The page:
Visit king.org all this week and next week for our Best of 2012 series--highlights from NW Focus LIVE, weekly live and local broadcast concerts, Exploring Music and more!
Some of the most famous composers—Strauss, Tchaikovsky and Mozart, to name just a few—composed before filmmaking even existed. Nevertheless, select pieces from these composers, including oft-ignored works, would later shoot to international fame and ubiquity thanks to the medium.
We’ll bet Strauss never thought “Also sprach Zarathustra” would represent the final frontier, but now we can't hear it playing without imagining the opening sunrise scene in “2001: A Space Odyssey." And we’ll wager that Mozart didn’t intend for the aria “Che soave zeffiretto,” from his opera “The Marriage of Figaro,” to serve as a moment of beauty amid the chaos of life in a high-security prison--but that scene from "The Shawshank Redemption" is now iconic.
Classical music has played a huge role in movies and TV shows almost since film’s inception. One of the earliest examples is the Disney classic “Fantasia,” in which classical music served as the entire film’s inspiration. The movie took the first step in making classical music accessible to audiences of all age groups the world round.
Seven decades later, countless films use classical music to accompany scenes in ever more creative and unexpected ways. Hollywood music directors draw from a library of centuries of music to create the perfect sentimental, tragic or ironic moment onscreen. They don’t always get it right, but when they do, they pull diverse new listeners into the rich world of classical music.
See our favorite classical music-centric film scores below, or skip to a list Edmund Stone's favorite film scores of all time.
Wagner: Ride of the Valkyries
The theme that opens Act III of Wagner's second Ring opera, "Die Walküre," has been famously used in two films to convey two very different messages. There is evidence that Wagner was anti-semitic and had a lifelong fan in Adolph Hitler, so it may be no surprise that the film "Birth of a Nation" played his Ring theme when"The former enemies of North and South are united again in defense of their Aryan birthright ." In this scene from "Apocalypse Now," however, the music is meant to criticize war rather than to glorify it.
Mozart: Le Nozze di Figaro: Aria, "Che soave zeffiretto"
"I have no idea to this day what those two Italian ladies were singing about," Shawshank inmate Andy Dufresne said in this scene, "but I'd like to think they were singing about something so beautiful it can't be expressed in words, and it makes your heart ache because of it." Ironically, this duet from Mozart's opera "Le Nozze di Figaro" is actually about two women scheming to expose a married man's infidelity.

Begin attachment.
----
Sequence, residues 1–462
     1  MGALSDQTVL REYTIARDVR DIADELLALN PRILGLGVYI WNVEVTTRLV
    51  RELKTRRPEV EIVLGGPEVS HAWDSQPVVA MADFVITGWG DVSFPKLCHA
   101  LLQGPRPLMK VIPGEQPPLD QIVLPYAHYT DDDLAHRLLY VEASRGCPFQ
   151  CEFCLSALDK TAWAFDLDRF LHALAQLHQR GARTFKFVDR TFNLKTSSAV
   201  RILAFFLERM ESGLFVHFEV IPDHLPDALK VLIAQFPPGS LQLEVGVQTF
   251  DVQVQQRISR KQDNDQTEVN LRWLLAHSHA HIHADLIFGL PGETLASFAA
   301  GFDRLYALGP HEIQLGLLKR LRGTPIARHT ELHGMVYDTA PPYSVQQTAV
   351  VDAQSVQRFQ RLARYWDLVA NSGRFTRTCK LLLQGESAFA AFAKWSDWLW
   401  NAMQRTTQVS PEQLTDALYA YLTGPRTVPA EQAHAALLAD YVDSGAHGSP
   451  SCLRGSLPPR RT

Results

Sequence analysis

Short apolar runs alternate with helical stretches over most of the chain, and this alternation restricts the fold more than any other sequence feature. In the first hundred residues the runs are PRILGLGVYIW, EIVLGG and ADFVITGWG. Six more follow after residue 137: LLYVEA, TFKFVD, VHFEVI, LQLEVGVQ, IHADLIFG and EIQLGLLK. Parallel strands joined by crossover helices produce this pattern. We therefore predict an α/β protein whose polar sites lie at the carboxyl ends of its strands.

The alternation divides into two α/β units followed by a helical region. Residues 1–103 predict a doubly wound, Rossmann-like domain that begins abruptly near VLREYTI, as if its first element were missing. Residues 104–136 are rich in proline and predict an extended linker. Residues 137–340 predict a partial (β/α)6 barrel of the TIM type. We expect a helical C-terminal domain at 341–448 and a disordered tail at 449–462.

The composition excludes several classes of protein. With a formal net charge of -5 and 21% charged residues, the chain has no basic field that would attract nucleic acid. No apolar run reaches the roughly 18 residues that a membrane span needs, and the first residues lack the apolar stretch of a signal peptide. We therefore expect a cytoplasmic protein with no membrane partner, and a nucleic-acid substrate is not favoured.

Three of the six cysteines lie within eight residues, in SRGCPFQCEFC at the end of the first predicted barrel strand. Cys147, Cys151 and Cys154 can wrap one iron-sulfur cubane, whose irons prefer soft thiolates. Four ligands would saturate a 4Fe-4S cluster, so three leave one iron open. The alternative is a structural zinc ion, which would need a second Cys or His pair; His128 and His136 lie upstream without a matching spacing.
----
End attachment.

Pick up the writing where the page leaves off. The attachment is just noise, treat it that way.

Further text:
Tchaikovsky: Nutcracker Suite
As the piece's conductor notes at the beginning of this clip, the Nutcracker Suite was famous well before it appeared in Fantasia, as were many pieces from history's greatest composers. Rather than launch the piece into fame, Fantasia set out to bring a whole different perspective to the piece, and it did--now, instead of a Winter Wonderland, people all over the world picture the beauty of nature in every season when they hear the piece.
Gershwin: Rhapsody in Blue
There is nothing subtle about the opening of "Rhapsody in Blue," with its attention-seeking clarinet glissando that famously woke up a bored, impatient crowd at a concert in 1924, when it premiered. Perhaps that's why Woody Allen chose the piece for the opening scene of his film "Manhattan." It's the perfect accompaniment to the narrator's brash opening lines: "He was as tough and romantic as the city he loved. Behind his black-rimmed glasses was the coiled sexual power of a jungle cat. New York was his town, and it always would be."
Edmund Stone's Top Five Film Scores
1. Max Steiner: Casablanca
2. Ennio Morricone: The Good, The Bad and the Ugly
3.James Horner: Star Trek II: The Wrath of Khan
4. Rachel Portman: The Cider House Rules
5. Danny Elfman: Alice in Wonderland
KING FM Audio On-Demand
KING FM's Michael Brooks interviews Edmund Stone, host of The Score, on his film score background and asks him about some of his favorite scores.
Jacob Winkler, Artistic Director of the Seattle Girls’ Choir, speaks here about his participation in film and movie soundtracks.
Joseph Pollard White, Northwest violist, conductor, and composer, speaks about a piece of concert hall music of Aaron Copland’s that originated as a film score.
Leila Josefowicz, international violin soloist, provides insight on Dmitri Shostakovich’s film music.
Ask, discuss or share more about music in film
on the KING FM Facebook page.